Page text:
Good long-form resources for debunking conspiracy theories?
October 1, 2014 3:03 AM   Subscribe

I'm soon to mentor a friend through a period of personal reflective study. An area I'd like to touch on is that he persistently clings to conspiracy theories, such as those of Leonard Horowitz. It is not my place to impose my own beliefs, but as he has limited exposure to contrasting material I would like him to balance these views with the "other side" and draw his own conclusions.

As such, what are some of the best resources for debunking or explaining conspiracy theories? Ideally long-form, ie books, documentaries, and the more "general" (perhaps even relating to the psychology of conspiracy) the better. Snopes is taken as read. Novels/movies where the protagonist believes their destiny is being orchestrated/manipulated, only to learn it was all just coincidence would also be useful.

I don't want to make him feel belittled, but as he's read/watched the "best" the conspiracy world has to offer, I'd like him to also see some of the best skeptics can put forward, particularly in relation to things like medicine and the "Illuminati".
posted by tzb to Human Relations (7 answers total) 8 users marked this as a favorite
This is a lost cause. Presenting him with contrasting material is actually more likely to make him dig in deeper in his belief in conspiracy theories than to actually change his mind.

Of course, now that I've presented you with evidence that it's a lost cause, you're probably even more convinced of your ability to change your friend's mind. :)
posted by Jacqueline at 3:20 AM on October 1, 2014 [4 favorites]

I don't read it, but 'In the pipeline' has separate sections on drug development and snake oil.

You may want to appeal to venality: "The drug companies want to make lots of money, and researching/sitting on a cure for X isn't in their best interests, because Y." For example.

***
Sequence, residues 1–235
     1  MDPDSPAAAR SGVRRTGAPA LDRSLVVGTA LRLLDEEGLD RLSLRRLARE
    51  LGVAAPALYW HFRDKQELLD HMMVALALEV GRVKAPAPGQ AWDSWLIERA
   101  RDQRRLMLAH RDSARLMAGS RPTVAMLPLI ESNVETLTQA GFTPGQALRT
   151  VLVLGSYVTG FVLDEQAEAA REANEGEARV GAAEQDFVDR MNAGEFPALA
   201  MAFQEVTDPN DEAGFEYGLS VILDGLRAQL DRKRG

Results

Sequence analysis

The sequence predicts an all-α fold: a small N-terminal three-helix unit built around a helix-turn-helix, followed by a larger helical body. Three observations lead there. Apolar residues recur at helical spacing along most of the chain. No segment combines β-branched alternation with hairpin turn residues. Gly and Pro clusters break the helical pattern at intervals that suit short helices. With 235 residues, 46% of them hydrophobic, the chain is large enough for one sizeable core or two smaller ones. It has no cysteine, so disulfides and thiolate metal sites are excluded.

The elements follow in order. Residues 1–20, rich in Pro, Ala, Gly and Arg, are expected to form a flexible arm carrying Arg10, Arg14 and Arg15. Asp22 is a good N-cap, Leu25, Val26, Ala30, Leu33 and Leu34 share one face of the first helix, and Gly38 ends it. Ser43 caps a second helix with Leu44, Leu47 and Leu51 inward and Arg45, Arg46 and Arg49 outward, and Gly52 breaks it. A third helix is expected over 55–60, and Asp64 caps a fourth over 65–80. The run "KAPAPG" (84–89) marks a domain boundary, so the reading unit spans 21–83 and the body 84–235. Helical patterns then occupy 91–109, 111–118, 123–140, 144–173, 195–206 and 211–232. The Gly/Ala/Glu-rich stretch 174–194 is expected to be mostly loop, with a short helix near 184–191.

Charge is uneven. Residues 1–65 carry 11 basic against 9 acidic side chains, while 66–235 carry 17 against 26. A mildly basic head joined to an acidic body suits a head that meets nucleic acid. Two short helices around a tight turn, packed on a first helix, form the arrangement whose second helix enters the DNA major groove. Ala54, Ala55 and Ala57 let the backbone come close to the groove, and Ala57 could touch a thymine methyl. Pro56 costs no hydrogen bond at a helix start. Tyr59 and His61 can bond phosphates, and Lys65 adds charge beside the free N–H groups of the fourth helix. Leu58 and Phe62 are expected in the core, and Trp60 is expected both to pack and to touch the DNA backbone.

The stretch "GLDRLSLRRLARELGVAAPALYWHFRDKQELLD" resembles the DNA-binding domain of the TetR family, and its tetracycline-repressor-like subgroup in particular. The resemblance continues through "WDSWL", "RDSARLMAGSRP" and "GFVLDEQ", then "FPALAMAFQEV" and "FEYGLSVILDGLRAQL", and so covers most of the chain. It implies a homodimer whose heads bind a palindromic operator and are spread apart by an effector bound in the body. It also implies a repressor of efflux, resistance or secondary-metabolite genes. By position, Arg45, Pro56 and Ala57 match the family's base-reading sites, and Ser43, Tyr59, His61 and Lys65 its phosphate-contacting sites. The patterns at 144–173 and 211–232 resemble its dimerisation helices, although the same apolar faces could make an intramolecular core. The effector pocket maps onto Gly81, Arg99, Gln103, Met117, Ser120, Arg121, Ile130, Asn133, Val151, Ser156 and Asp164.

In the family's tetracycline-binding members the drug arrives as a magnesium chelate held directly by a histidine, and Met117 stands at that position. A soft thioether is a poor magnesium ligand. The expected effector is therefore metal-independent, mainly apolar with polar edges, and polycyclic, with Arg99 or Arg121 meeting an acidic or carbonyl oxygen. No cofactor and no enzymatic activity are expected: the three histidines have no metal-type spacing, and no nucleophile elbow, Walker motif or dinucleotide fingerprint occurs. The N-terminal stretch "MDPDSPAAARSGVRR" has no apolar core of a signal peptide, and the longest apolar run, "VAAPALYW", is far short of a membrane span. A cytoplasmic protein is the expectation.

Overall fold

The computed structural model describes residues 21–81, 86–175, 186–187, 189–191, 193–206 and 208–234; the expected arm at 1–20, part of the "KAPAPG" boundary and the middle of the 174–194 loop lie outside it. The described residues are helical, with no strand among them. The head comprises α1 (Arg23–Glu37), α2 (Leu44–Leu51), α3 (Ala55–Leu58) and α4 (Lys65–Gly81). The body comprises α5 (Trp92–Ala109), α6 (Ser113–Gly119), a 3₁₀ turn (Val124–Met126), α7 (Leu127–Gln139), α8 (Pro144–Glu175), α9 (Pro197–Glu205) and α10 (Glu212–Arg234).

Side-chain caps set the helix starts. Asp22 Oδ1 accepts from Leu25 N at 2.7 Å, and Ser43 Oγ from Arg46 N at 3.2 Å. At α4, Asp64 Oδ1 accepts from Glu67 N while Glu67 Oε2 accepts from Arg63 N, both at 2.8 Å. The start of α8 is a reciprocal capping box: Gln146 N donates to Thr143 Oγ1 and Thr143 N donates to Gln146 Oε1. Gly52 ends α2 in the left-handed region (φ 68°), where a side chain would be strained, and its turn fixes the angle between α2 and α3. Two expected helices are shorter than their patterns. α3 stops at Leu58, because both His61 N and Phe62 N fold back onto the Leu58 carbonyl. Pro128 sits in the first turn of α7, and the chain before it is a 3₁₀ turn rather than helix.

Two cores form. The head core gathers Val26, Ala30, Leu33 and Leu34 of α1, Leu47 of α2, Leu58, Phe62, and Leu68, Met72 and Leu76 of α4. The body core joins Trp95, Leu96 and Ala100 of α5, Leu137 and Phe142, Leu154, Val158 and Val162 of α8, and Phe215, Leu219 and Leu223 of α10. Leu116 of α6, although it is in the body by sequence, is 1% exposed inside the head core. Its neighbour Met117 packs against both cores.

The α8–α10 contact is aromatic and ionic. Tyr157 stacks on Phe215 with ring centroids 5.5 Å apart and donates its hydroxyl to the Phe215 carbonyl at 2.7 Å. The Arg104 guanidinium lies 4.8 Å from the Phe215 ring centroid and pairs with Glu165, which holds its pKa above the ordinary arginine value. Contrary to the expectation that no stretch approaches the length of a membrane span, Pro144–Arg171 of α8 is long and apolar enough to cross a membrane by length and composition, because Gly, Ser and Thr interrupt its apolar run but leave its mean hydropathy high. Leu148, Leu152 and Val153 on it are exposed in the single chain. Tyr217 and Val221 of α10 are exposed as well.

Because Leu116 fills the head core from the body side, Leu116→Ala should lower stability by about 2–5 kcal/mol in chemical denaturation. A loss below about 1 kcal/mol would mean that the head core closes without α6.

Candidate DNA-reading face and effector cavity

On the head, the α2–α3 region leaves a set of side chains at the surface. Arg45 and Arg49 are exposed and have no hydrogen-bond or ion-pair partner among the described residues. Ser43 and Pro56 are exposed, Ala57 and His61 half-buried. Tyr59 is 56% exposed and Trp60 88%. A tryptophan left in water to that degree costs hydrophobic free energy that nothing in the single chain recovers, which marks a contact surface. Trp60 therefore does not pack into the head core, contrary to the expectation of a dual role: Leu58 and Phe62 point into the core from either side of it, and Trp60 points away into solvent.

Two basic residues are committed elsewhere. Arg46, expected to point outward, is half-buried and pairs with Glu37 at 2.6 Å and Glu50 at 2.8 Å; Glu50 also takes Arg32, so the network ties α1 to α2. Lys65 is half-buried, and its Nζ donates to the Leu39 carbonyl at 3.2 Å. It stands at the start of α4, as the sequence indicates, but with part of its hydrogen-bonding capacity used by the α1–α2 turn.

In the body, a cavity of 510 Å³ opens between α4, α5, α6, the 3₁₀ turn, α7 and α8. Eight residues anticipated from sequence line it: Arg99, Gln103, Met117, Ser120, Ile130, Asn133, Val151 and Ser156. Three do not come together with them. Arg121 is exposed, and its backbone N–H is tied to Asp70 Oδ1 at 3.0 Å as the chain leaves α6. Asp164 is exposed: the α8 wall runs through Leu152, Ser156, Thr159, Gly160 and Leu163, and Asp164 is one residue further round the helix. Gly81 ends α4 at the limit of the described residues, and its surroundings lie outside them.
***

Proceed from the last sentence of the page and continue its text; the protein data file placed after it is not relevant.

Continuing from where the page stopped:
posted by sebastienbailard at 3:23 AM on October 1, 2014

I can't link to it at the moment, but The Demon Haunted World, a book by Carl Sagan, is an amazing read. It's about honing critical thinking skills especially in regards to woo and UFO type stuff. It's excellent.
posted by SpecialSpaghettiBowl at 3:33 AM on October 1, 2014 [3 favorites]

Jacqueline and SpecialSpaghettiBowl - I will show him your resources in tandem I think.
posted by tzb at 4:01 AM on October 1, 2014 [2 favorites]

Kirby Ferguson's This is Not A Cospiracy Theory explores the phenomenon of conspiracy theories.
posted by at at 8:27 AM on October 1, 2014

IME the belief in conspiracy theories is mostly an emotional response, specifically to anxiety and a desire to maintain a sense of control in a world that constantly defies human control. Think of any major social problem/threat, and consider two possibilities for its cause: 1) a cabal of malevolently powerful and secretive individuals/organizations are, through their intentions and subsequent actions, causing all or most or the most critical component(s) of the threat at hand, or: 2) a complex interaction among cultural norms, individual/group intentions, material constraints, and god knows what else that is not only not intentionally controlled by human actors, but isn't even understood by them. Which seems scarier? Easier to resolve? Easier to resolve so that you'll personally benefit?

Framed this way, I think it's apparent how the phenomenon described by Jacqueline occurs: contradictory evidence threatens the integrity of their conspiracy theory, which is meeting an important emotional need for these folks. I suppose from this angle, anything you could do to make the world feel less threatening would go a lot farther than rigorous counter-evidence, but your ability to do so will be strongly constrained by the quality of your existing relationship with your friend, as well as his other relationships/social circles. Part of it though might involve his personality - IIRC conspiracy theorists tend towards greater authoritarianism in their personality structures. If they dispositionally gravitate towards that sort of anxiety and response-to-anxiety, I don't know that there's any magical bullets.
posted by obliterati at 10:04 AM on October 1, 2014 [3 favorites]

Watch the Skies is about debunking UFO myths, but it's tremendously riveting as an example of how there's often both mistakes and deliberate, malicious intent behind conspiracy theories. It could be a good compare/contrast.
posted by Cool Papa Bell at 6:14 PM on October 1, 2014

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